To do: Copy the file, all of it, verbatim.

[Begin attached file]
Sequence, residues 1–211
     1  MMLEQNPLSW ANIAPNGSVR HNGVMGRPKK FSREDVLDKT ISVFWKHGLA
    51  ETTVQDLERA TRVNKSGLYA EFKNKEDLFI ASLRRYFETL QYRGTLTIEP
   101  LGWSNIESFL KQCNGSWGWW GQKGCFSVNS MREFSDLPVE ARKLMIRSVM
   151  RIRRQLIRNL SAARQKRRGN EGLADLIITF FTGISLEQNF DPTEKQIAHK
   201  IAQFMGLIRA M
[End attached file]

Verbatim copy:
Sequence, residues 1–211
     1  MMLEQNPLSW ANIAPNGSVR HNGVMGRPKK FSREDVLDKT ISVFWKHGLA
    51  ETTVQDLERA TRVNKSGLYA EFKNKEDLFI ASLRRYFETL QYRGTLTIEP
   101  LGWSNIESFL KQCNGSWGWW GQKGCFSVNS MREFSDLPVE ARKLMIRSVM
   151  RIRRQLIRNL SAARQKRRGN EGLADLIITF FTGISLEQNF DPTEKQIAHK
   201  IAQFMGLIRA M